Yungblud's New Release "Cotton Candy": All My Thoughts


Last night, Yungblud dropped a new song called "Cotton Candy" that he's been hyping up all week with a variety of photo shoots and some excited screaming into Insta stories. Regardless of my mood at the moment, I always get excited about Yungblud releases because his enthusiasm is infectious. 

This is maybe the poppiest sound I've ever heard from Yungblud. It has pop's trademark repetitive chorus, a lighter, bubbly sound, and some of pop's biggest writers on the track, which I'll get into more in a minute. I'm always fascinated by how Yungblud traverses genres so easily and fits them all under the wing of his eclectic image. I know that there are really no genre boundaries anymore, but outside of maybe Halsey, I've never seen someone blend everything together so gracefully on the same album. He does a good job of creating something for everyone and leaving the listener with some tracks that push their comfort zone or expose them to something new. 

As far as where "Cotton Candy" lands on the track listing, it makes perfect sense. "Strawberry Lipstick" comes right after it, and while that song is much louder and more in your face, it shares a similar subject matter to "Cotton Candy". Both songs seem rooted in celebrating sexuality, living in the moment, and having fun as your authentic self. I love that Yungblud's songs, regardless of their main subject matter, always have an element of celebration of identity at the core of all these songs. Speaking about the song to NME Magazine, he doubled down on this saying, "This song is so important to me because I see and speak to my fan base, facing insecurities around sexual interaction and I want to let them know that it is ok to be EXACTLY WHO THEY ARE and have the right to unconditionally love who they want and be loved in return".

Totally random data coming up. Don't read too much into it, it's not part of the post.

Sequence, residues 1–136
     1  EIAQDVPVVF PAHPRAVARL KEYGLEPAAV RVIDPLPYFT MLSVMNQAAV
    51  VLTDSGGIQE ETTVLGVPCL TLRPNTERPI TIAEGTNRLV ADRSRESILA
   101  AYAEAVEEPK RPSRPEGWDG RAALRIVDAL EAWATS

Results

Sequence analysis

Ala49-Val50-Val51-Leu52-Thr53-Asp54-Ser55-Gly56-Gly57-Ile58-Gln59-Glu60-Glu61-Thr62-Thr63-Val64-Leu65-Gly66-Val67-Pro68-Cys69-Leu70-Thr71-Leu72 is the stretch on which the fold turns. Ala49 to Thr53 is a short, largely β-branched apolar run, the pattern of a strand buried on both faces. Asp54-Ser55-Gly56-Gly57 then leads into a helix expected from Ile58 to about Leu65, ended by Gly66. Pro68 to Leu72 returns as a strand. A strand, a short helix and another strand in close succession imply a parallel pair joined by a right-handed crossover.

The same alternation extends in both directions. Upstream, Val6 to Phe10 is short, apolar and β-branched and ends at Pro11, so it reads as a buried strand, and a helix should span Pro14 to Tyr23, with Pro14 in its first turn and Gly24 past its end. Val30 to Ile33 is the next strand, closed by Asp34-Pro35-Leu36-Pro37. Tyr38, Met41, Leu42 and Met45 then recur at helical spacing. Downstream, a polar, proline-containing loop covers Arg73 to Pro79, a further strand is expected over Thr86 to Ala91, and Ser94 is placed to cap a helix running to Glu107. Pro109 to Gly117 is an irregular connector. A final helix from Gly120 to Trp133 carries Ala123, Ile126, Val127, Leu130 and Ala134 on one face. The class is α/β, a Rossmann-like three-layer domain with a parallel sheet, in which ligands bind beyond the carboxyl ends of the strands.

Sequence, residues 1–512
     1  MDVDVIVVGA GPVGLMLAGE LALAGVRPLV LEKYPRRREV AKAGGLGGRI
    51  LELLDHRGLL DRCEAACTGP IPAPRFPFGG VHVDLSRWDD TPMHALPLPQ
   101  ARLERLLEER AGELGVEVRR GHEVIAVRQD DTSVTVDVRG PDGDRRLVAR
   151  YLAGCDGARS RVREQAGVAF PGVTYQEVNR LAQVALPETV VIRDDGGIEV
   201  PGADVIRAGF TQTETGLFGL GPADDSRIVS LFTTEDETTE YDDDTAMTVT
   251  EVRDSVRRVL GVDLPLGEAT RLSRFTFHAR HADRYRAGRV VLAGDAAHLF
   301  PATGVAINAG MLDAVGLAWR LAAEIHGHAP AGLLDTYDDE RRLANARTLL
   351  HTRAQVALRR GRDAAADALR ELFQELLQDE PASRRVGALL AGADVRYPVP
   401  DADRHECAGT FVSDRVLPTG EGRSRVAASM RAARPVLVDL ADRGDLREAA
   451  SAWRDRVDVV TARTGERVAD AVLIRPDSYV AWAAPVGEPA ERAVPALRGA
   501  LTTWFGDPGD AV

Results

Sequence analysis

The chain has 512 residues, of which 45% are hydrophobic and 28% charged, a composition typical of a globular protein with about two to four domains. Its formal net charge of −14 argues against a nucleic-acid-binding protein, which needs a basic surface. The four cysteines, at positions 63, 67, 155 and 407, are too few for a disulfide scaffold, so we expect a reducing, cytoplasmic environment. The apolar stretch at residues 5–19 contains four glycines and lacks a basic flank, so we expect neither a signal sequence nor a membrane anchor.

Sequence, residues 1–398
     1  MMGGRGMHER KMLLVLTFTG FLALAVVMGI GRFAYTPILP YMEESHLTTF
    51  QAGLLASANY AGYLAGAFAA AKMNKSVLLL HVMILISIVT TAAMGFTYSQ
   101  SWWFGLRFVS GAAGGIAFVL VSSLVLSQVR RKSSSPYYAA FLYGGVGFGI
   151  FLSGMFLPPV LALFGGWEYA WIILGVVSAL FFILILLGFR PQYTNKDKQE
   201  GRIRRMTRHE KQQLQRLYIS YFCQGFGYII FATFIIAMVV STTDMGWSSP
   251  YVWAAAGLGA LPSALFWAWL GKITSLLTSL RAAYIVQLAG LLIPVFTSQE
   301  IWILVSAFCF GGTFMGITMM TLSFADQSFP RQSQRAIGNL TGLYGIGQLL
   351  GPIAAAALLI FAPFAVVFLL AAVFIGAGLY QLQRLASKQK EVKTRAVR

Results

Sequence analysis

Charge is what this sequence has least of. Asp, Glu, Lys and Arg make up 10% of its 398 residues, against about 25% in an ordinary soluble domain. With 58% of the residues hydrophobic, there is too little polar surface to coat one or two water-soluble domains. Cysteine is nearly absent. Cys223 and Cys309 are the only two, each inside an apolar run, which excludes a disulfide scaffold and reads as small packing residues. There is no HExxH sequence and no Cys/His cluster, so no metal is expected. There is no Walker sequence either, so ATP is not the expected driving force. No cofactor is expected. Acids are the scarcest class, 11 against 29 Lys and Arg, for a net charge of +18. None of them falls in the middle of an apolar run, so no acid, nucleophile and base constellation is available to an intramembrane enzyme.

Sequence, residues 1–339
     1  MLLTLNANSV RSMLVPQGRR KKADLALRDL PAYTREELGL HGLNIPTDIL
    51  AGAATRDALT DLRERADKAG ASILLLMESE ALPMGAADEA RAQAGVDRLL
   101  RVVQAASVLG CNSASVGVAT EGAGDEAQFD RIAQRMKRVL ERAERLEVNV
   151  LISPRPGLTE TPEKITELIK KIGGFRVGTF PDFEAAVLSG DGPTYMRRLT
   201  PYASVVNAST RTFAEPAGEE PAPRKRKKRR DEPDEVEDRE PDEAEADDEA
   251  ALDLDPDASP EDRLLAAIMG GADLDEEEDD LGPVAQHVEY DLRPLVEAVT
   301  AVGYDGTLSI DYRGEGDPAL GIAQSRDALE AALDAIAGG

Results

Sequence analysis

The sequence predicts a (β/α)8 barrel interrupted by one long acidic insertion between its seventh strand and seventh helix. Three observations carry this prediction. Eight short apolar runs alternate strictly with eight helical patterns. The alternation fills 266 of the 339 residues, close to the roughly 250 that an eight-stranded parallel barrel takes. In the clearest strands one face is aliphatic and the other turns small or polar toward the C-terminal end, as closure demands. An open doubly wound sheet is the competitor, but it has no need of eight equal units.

Jumping into it, "Cotton Candy" starts with a cool base riff before the other instruments and his voice get added in that's a bit different than most of the other music I've heard lately. The melody is much more pop rooted and flowing. It's funny reading the lyrics while listening because I pronounce a lot of words very differently than Yungblud does in his Doncaster accent, so even though the words were right in front of me, the audio still was full of surprises. Something about the guitars that kick in, the repeating lyrics, and the melody gives me a boy band vibe for the chorus almost. I feel like his accent really sets the song apart in the way and gives the song a unique vibe while playing with some of those sweeter, syrupy tropes. The song is a little predictable and not my favorite Yungblud song, but it's still a lot of fun and probably the closest thing to a true "bop" Yungblud has in his catalogue. I also like how he's expanding the genres he's dabbled in. This isn't his only pop song because pop is so wide, but it's the closest he's come to bubble gum. From a structure perspective, it has a basic pop structure (verse, prechorus, chorus), but it lacks a bridge, which makes it shorter than average. Instead, he repeats the chorus a second round to drive his point home.